Supported Versions: Current (16) / 15 / 14 / 13 / 12
Development Versions: 17 / devel
Unsupported versions: 11 / 10 / 9.6 / 9.5 / 9.4 / 9.3 / 9.2 / 9.1 / 9.0 / 8.4 / 8.3 / 8.2 / 8.1 / 8.0 / 7.4 / 7.3 / 7.2 / 7.1


DROP FUNCTION — remove a function


DROP FUNCTION [ IF EXISTS ] name [ ( [ [ argmode ] [ argname ] argtype [, ...] ] ) ] [, ...]


DROP FUNCTION removes the definition of an existing function. To execute this command the user must be the owner of the function. The argument types to the function must be specified, since several different functions can exist with the same name and different argument lists.



Do not throw an error if the function does not exist. A notice is issued in this case.


The name (optionally schema-qualified) of an existing function. If no argument list is specified, the name must be unique in its schema.


The mode of an argument: IN, OUT, INOUT, or VARIADIC. If omitted, the default is IN. Note that DROP FUNCTION does not actually pay any attention to OUT arguments, since only the input arguments are needed to determine the function's identity. So it is sufficient to list the IN, INOUT, and VARIADIC arguments.


The name of an argument. Note that DROP FUNCTION does not actually pay any attention to argument names, since only the argument data types are needed to determine the function's identity.


The data type(s) of the function's arguments (optionally schema-qualified), if any.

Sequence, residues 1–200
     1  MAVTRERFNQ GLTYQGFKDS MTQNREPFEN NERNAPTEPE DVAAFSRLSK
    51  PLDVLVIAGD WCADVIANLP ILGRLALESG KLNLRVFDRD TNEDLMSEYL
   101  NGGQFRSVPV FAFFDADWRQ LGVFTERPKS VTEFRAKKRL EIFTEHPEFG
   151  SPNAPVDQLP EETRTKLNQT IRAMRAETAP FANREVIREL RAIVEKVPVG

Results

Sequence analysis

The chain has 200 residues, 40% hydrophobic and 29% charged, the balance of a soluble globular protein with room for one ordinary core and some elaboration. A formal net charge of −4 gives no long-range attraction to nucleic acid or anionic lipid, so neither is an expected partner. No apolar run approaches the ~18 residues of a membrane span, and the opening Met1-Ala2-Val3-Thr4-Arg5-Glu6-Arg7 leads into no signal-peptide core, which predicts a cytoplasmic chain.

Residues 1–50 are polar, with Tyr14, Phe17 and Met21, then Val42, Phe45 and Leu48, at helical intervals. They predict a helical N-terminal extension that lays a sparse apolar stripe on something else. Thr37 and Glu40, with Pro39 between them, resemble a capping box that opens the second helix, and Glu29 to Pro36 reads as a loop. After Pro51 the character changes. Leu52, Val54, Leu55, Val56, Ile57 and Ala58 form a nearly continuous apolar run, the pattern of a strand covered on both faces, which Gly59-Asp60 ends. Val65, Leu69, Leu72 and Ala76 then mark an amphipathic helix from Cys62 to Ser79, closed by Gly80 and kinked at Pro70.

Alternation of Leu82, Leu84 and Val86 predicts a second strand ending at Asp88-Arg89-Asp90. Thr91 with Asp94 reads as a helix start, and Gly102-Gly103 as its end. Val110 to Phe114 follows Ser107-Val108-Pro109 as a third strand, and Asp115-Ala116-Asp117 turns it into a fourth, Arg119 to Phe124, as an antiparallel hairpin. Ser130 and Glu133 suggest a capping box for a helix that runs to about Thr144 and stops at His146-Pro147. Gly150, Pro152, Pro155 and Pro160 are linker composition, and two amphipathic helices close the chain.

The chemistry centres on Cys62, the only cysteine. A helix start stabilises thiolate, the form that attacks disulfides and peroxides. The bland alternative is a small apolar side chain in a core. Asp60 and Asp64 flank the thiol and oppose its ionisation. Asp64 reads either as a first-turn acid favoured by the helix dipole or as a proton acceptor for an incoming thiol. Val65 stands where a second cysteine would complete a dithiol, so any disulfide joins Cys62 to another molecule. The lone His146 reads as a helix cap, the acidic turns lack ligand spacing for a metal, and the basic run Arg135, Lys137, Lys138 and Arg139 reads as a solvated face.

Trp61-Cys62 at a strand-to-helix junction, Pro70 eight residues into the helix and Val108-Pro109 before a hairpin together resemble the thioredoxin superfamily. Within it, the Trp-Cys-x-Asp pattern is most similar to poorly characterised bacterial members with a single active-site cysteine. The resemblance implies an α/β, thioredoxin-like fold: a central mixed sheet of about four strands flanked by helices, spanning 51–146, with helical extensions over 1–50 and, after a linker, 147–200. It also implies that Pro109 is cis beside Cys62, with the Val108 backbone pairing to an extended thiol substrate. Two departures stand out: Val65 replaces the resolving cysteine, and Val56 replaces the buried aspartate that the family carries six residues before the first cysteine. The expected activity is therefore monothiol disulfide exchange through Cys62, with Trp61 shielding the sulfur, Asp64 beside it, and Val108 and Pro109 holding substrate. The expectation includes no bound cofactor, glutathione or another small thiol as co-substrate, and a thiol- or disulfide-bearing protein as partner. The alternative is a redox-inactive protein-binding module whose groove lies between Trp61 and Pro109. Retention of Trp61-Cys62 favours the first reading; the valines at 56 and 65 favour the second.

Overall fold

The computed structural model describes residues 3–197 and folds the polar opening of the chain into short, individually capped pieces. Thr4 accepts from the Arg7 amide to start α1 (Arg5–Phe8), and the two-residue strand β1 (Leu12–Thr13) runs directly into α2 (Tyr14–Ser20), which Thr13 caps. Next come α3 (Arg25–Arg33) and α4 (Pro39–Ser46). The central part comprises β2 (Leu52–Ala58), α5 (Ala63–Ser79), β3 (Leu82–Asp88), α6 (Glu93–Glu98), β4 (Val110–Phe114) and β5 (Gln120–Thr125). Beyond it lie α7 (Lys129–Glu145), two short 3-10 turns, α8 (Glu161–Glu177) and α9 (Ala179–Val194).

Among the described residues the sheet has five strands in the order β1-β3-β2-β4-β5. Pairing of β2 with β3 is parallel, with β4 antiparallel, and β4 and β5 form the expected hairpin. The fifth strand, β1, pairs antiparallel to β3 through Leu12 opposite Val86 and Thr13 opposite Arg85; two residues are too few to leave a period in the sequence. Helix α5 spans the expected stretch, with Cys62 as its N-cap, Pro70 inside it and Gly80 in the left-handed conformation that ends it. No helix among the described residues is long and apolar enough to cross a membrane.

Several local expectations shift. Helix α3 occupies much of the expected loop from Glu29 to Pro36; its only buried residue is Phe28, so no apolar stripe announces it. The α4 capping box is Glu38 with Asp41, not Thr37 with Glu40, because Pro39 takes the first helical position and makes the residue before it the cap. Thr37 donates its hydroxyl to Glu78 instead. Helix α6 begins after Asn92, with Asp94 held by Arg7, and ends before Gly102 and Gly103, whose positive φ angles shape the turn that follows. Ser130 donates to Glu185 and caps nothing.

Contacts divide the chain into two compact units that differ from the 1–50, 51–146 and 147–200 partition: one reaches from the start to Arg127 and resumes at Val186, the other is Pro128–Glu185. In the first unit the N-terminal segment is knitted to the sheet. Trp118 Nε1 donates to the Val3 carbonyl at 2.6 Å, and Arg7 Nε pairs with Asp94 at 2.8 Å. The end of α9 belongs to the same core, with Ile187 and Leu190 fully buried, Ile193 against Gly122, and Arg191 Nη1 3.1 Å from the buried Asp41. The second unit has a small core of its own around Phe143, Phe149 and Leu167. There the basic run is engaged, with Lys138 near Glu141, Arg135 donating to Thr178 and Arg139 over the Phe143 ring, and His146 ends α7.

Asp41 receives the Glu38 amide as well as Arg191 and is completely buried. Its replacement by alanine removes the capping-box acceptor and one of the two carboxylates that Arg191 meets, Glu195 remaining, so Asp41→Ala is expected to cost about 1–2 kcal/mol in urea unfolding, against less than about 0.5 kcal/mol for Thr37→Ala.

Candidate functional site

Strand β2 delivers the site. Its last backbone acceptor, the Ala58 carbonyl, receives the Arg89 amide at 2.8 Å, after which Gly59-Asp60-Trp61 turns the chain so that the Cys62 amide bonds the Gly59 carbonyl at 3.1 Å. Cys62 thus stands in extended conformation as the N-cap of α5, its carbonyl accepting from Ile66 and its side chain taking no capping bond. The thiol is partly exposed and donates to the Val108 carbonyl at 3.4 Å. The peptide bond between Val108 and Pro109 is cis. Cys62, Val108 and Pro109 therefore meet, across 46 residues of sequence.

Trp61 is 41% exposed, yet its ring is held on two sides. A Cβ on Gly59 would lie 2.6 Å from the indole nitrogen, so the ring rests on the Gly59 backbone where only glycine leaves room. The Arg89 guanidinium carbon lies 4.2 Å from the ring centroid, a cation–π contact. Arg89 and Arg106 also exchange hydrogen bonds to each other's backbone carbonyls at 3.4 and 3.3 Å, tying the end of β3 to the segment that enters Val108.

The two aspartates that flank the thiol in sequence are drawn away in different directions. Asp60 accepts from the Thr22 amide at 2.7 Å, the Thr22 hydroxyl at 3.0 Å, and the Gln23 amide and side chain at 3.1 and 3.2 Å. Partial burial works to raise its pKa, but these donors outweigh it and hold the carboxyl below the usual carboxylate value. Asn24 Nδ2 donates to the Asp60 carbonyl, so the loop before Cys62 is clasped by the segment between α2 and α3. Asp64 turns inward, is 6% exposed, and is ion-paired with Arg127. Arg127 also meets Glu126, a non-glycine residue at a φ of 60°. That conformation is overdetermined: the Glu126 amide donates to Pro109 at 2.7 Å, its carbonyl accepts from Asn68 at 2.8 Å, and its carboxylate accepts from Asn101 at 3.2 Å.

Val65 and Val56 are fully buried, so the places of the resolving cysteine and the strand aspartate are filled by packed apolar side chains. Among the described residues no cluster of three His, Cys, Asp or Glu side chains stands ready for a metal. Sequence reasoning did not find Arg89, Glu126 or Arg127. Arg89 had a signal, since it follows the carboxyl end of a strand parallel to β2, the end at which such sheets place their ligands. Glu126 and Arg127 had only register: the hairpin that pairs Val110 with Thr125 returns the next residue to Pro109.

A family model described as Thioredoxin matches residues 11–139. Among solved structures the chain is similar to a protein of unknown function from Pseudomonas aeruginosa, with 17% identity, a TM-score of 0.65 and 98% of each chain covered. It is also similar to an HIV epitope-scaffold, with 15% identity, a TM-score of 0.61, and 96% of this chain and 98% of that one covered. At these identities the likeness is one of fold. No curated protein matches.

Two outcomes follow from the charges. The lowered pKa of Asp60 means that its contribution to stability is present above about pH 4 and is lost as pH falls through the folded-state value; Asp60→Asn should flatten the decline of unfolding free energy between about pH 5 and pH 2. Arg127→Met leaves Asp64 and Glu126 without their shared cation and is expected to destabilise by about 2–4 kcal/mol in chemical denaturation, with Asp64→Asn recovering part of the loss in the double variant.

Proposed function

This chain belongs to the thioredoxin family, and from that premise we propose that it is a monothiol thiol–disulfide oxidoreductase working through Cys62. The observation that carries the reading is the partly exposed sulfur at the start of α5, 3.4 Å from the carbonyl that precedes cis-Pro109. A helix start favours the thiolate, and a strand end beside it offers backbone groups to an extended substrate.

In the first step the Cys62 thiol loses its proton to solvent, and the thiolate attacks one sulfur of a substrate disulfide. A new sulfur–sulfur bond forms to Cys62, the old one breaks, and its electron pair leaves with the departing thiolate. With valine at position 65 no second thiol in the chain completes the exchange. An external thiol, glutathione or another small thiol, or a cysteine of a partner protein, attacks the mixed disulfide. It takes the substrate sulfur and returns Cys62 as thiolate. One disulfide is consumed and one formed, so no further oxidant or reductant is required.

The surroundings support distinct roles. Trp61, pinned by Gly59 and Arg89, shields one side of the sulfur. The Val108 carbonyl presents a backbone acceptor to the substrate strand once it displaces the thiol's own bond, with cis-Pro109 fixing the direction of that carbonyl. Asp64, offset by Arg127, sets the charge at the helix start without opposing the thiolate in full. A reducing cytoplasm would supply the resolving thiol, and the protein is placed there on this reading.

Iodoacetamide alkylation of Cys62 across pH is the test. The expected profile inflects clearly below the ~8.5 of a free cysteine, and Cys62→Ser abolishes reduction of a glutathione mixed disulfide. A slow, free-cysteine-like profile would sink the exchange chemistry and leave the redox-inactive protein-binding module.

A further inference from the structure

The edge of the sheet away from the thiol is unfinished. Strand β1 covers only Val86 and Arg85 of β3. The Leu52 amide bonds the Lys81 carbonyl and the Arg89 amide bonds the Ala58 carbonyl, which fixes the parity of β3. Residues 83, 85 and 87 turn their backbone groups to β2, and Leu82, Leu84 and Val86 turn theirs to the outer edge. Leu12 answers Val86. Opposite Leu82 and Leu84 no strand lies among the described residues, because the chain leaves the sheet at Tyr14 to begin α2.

Automatically drop objects that depend on the function (such as operators or triggers), and in turn all objects that depend on those objects (see Section 5.14).


Refuse to drop the function if any objects depend on it. This is the default.


This command removes the square root function:

DROP FUNCTION sqrt(integer);

Drop multiple functions in one command:

DROP FUNCTION sqrt(integer), sqrt(bigint);

If the function name is unique in its schema, it can be referred to without an argument list:

DROP FUNCTION update_employee_salaries;

Note that this is different from

DROP FUNCTION update_employee_salaries();

which refers to a function with zero arguments, whereas the first variant can refer to a function with any number of arguments, including zero, as long as the name is unique.


This command conforms to the SQL standard, with these PostgreSQL extensions:

  • The standard only allows one function to be dropped per command.

  • The IF EXISTS option

  • The ability to specify argument modes and names

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